2/23/2005

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Educational programs for treating children with autism How autism affects the family and siblings
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Autism's impact - Autism can bring families closer together, or sometimes break them apart. "Today" host Matt Lauer reports.

2/24/2005

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How to be an advocate for your child if they have autism Knowing the law in your community, and getting it to work for you

2/25/2005

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Bob and Suzanne Wright of Autism Speaks announce their Public Awareness Campaign Adults with Autism
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Bob Wright: ‘I want my grandson back’ / The vice chairman of GE and chairman and CEO of NBC Universal talks about his family's personal crusade to cure autism - Autism is in the news, and it’s about time. On Monday, the Centers for Disease Control launched a new education initiative designed to educate parents of young children about the early signs of developmental disorders such as autism. Among mainstream print media, The New York Times is following this story closely, publishing more than two dozen articles on autism in the past six months. Newsweek has made autism the cover story of its latest issue. NBC News has devoted significant airtime this week to exploring every aspect of this disorder, with reports on “Today,” “Nightly News,” CNBC, MSNBC, Telemundo, the owned NBC stations, as well as on this news Web site. Autism has also been featured recently in entertainment shows such as “Without a Trace” and “Scrubs.”

To share your opinion of the Today Show's autism coverage: Today@NBC.com


To share your opinion of the Today Show's autism coverage: Today@NBC.com

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MSNBC

2/21/2005

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Autism resources, treatment and support

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Children in the grip of autism / More families faced with a difficult diagnosis.  By Molly Masland

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Dr. Pat Levitt, director of the Vanderbilt Kennedy Center for Research discusses advances in the treatment of autism.

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Finding answers - What is the cause of autism? Doctors and families with autistic children try to find answers. "Today" host Matt Lauer reports.

2/22/2005

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Lee Grossman, president & CEO of the Autism Society of America has a
17-year-old autistic son and shares his personal crusade in raising awareness and funding for autism.

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Growing Up Healthy
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What's behind the increase?

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Parents push for autism cure / Doctors credit parents for making research a priority - Portia Iverson and Jon Shestack learned their first child, Dov, had severe autism in 1995, when he was almost three years old. "I just remember sitting by his crib and just crying and crying," says Portia. "He was slipping away, every minute."  Like all parents, they wanted to know what to do.  "So, we said, 'OK. What's there in medicine?' There wasn't anything in medicine," recalls Jon. "And then we said, 'Well, they must be doing research.' But there was no ‘They.' There just wasn't."  By Robert Bazell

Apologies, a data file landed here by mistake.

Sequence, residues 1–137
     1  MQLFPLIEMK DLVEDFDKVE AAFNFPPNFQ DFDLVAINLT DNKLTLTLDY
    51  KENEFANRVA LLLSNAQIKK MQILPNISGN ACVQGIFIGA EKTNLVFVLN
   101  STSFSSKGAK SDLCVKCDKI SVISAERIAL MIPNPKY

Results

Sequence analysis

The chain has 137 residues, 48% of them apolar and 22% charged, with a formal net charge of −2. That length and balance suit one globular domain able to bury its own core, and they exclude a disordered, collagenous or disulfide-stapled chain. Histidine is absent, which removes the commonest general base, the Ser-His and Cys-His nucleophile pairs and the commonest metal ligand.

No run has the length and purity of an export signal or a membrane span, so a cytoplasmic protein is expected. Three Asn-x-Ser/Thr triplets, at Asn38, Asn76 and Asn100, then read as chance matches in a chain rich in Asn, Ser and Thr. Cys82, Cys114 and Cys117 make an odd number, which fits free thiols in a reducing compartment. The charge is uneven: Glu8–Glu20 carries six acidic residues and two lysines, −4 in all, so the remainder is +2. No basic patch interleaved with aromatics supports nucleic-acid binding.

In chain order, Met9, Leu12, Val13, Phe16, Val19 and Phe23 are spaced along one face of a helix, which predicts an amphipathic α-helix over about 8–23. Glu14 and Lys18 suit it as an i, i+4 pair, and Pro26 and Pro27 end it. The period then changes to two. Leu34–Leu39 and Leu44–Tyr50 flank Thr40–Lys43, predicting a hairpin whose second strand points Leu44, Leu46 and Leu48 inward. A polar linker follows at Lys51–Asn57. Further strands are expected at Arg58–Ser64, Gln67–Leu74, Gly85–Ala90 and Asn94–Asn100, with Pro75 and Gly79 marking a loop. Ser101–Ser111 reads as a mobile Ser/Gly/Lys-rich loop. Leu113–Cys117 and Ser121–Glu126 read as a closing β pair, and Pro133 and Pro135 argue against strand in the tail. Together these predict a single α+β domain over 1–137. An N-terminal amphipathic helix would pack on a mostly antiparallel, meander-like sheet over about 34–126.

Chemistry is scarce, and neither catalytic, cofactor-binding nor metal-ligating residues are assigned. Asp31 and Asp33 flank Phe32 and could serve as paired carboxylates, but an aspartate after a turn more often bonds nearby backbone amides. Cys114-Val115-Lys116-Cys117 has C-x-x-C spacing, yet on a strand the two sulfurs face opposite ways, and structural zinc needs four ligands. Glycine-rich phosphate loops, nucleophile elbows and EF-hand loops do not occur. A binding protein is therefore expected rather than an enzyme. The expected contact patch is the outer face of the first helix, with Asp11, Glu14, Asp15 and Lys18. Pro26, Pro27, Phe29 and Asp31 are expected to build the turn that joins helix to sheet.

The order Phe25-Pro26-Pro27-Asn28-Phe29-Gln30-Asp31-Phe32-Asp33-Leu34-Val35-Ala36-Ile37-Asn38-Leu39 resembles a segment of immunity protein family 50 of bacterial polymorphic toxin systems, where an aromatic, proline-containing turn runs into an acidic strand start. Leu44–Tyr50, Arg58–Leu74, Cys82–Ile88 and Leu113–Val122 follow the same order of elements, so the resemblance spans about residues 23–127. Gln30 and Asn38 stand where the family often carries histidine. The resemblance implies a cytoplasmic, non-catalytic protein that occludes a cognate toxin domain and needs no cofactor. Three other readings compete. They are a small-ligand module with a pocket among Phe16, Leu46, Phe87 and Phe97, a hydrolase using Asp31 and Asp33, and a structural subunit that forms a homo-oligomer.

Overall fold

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What is ‘Autism Speaks?’

2/23/2005

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Gloria and Patrick Fay, parents of twin 7-year-old autistic boys, share
their personal story of living with autism.
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Inside the autism treatment maze  / No single approach is best for every child - Every child who receives the diagnosis of autism may be different, but the families of those children face the same overwhelming challenge — finding the best treatment for the complex condition.  By Jane Weaver

2/24/2005

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Actor Anthony Edwards, honorary board member of Cure Autism Now
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Coping with autism / Families connect to deal with the diagnosis - When Lisa and Alan Bryant of Dothan, Ala., had their son Jarrett, he was such an easy-going, low-maintenance baby that by the time he was 2 years old, Lisa had given birth to another son, Jacob. Then the family’s world changed drastically. Jarrett, now 7, had been diagnosed with autism.  By Victoria Clayton

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As autism cases soar, a search for clues / Unclear if rise reflects modern threats or better diagnosis - Once a rare diagnosis, it seems there’s now an epidemic of autism sweeping the nation. Many of us know a child with the disorder, and concerned parents are searching for suspicious signs even in young babies. But while more kids are being labeled with autism, whether the condition is truly more common among today’s children than past generations of youngsters is largely unclear.

2/25/2005